Anastasia Lomonova will be presenting her third collection at the Montréal Fashion Week on Tuesday, September 4th, 2012. Born in Odessa, Ukraine in 1984, she moved to Cyprus with her family for several years before coming to Canada. After training as a visual artist at Ryerson University in Toronto, she moved to Montreal in 2007 began working in the fashion industry, and established her own fashion label in 2011. She has won several awards and been named one of Canada’s most promising young designers. Her designs are sold at Denis Gagnon’s boutique in the Old Port and online. The majority of her customers come from both Canada and the US.
What are the themes and inspirations for your new collection?
The new collection is based on North African inspirations, like the nomad, tribe, desert, things imagined, things from past. “Dress Code” is a new line of basics that I created alongside with my new collection. It is very minimalist, adapted to day-to-day life, with pure, clean lines.
What can we look forward to at your show during Montreal Fashion Week this year?
I’m excited about the new venue, it’s very different from Marché Bonsecours. You will see a lot of evening wear, but also casual things, like pants and jackets. I also added a show piece, more editorial and more imaginative.
What are some of the challenges for women designers and women in general in the fashion industry?
I don’t think that there any challenges for women in particular that are gender-specific – if anything women have an advantage in the fashion industry. There are general difficulties, but they are faced by all equally.
How do you see the relationship between fashion and feminism?
I think it’s the same relationship as between fashion and society. What’s great about fashion is the way it allows us to present ourselves to the world, what we wear speaks about us before we use words. When fashion is used correctly, it is empowering. My woman is not androgynous, my woman is strong in her femininity. I think women should feel empowered because they are women, not because they can take on men’s roles in society. There are obviously no limits to what women can do, but I feel that femininity should be celebrated. Most of the things I make are dresses, and things that underline and celebrate the female form.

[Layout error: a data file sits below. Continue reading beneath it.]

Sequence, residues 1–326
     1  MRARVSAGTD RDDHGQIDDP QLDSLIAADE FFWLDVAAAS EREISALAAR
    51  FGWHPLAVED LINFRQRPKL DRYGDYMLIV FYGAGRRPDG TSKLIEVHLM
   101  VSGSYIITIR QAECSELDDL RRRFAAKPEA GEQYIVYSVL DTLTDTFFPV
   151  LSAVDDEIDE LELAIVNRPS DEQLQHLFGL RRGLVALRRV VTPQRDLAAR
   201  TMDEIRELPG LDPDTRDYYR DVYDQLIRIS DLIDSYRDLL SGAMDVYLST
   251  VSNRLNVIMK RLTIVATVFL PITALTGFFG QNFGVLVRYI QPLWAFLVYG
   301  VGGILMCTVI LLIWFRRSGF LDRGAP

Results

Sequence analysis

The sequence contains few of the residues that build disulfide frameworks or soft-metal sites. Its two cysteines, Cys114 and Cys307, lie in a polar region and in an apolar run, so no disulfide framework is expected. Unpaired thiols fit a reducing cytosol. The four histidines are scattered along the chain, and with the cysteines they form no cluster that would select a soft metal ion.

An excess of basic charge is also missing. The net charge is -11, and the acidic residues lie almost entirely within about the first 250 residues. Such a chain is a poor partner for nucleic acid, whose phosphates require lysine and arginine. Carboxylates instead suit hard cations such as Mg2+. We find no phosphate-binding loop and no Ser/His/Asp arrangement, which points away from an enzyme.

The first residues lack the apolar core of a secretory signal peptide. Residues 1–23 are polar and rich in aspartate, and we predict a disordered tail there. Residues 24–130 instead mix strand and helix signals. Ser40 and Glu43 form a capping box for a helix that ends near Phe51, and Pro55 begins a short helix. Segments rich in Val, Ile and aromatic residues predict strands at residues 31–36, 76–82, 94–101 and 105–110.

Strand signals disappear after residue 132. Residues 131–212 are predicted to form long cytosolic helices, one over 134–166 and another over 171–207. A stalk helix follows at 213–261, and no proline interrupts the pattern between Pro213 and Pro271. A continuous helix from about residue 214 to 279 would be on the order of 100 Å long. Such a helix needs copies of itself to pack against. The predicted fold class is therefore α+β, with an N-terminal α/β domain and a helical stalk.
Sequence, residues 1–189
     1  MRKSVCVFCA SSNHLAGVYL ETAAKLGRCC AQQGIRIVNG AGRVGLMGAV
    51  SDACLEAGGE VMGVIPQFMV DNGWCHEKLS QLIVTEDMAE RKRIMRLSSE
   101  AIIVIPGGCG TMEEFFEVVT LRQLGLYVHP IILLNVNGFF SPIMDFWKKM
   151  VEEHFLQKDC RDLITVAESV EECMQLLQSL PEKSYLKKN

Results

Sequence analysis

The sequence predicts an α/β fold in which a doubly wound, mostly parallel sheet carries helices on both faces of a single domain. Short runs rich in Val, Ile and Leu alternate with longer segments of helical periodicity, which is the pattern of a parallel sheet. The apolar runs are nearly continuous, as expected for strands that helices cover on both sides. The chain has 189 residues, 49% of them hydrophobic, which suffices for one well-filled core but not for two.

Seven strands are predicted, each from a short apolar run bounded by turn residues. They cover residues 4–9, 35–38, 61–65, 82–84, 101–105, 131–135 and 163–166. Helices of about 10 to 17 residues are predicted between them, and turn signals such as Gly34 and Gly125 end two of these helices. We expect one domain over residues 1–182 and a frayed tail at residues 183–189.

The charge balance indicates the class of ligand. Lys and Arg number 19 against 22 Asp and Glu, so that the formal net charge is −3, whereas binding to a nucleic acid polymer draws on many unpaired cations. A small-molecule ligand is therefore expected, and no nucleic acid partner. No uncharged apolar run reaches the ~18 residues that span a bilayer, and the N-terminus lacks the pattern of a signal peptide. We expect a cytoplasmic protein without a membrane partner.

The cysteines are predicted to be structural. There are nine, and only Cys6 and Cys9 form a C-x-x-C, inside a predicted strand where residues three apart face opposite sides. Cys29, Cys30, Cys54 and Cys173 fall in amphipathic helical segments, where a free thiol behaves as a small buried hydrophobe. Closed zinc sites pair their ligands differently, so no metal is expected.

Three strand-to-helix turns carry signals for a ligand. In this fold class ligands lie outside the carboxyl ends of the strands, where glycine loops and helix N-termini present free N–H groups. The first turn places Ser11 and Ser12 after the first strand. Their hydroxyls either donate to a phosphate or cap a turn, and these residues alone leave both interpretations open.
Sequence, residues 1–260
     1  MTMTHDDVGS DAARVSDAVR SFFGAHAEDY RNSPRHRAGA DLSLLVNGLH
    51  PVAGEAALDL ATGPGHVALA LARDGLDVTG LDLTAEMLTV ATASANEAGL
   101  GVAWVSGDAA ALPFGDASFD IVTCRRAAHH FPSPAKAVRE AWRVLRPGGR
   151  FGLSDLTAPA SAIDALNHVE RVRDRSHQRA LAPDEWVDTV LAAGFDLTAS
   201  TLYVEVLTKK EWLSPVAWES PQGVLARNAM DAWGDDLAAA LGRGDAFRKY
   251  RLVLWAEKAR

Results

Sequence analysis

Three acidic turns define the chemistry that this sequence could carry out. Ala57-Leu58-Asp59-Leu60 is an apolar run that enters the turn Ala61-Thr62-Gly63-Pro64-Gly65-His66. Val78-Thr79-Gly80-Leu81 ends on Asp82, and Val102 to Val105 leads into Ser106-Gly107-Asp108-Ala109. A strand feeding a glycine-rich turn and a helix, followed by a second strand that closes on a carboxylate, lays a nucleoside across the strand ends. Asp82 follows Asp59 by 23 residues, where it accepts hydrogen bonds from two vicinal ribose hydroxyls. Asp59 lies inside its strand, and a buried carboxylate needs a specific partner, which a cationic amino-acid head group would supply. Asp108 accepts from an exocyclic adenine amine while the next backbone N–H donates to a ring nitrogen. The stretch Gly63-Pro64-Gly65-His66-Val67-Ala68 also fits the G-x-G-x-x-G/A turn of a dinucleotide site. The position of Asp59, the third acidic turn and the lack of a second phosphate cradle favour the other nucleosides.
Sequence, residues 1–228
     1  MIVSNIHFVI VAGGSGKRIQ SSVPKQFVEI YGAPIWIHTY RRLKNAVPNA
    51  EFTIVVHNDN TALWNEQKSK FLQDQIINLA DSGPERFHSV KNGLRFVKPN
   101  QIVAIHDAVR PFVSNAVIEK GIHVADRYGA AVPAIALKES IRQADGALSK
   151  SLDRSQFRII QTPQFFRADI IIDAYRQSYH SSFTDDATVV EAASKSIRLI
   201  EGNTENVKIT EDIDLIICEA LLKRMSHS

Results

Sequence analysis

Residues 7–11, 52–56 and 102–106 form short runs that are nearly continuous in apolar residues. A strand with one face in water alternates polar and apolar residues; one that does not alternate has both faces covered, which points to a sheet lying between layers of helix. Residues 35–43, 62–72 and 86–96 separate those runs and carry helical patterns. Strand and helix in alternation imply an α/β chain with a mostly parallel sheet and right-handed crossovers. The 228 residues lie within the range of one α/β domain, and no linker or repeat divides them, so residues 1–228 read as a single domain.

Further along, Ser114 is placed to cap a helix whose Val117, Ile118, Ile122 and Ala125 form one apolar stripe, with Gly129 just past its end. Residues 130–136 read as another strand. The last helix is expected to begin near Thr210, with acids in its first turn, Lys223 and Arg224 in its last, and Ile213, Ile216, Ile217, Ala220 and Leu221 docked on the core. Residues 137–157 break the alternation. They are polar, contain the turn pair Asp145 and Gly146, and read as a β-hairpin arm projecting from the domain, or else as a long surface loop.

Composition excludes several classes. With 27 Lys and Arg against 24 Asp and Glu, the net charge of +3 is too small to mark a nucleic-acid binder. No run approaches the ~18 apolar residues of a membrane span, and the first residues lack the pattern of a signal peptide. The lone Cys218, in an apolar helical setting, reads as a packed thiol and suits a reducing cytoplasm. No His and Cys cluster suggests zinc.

Is there a difference between male and female designers?
There is perhaps a difference in how male and female designers approach design in general. Sometimes I think it may be easier for women to design for women because we have an intimate connection with the female body, while the male designers have a different relationship with the female form, they approach it as outsiders and can propose things that a female designer would not always do.
Does your European background give you any advantages or disadvantages in your work?
Our background plays a certain role in what we do, it adds a certain vision, but I wouldn’t say it plays a significant role, it’s just where I grew up. While I may have been influenced by European fashion, I try to be conscious of my surrounding aesthetic and what I see around me.
How would you describe the Montreal fashion scene?
It’s very liberal because there are so many artists living in Montreal. There is a lot of personal style that is very individualistic, there is a lot of personality in how people dress. More freedom and creative expression than in Toronto.
What is your relationship to this city? (You trained as a fashion designer here and you established your label here – were you ever tempted to leave?)
I really love it here, I’ve done my fair share of travelling, I wouldn’t trade Montreal for any other Canadian city. I would like to travel with my work and see what opportunities there are, but I will always show my collections here.
Do you have any advice for young and up-and-coming designers?
The most important thing would be to know who they’re designing for. If a person is really artistic about it, it will take them several years to figure out who they are as an artist, and what their voice is. Having a business sense is also helpful, because fashion is also about commerce.
Who are some of the people who inspire you?
How do you approach a new collection?
I start with sketches, throw together a couple of samples and start fine-tuning from there. In-between working on collections, I do the production for the orders I get and I have several custom clients. There is not much time from collection to collection. I usually take a short break to catch up on things I don’t have time for while preparing a new collection. It takes about 4-5 months to prepare a collection. My last collection was 13 pieces because they were all dresses, this collection is 30-40 pieces, but they make up about 25 looks on the runway.
This interview is also published at CULT Montreal.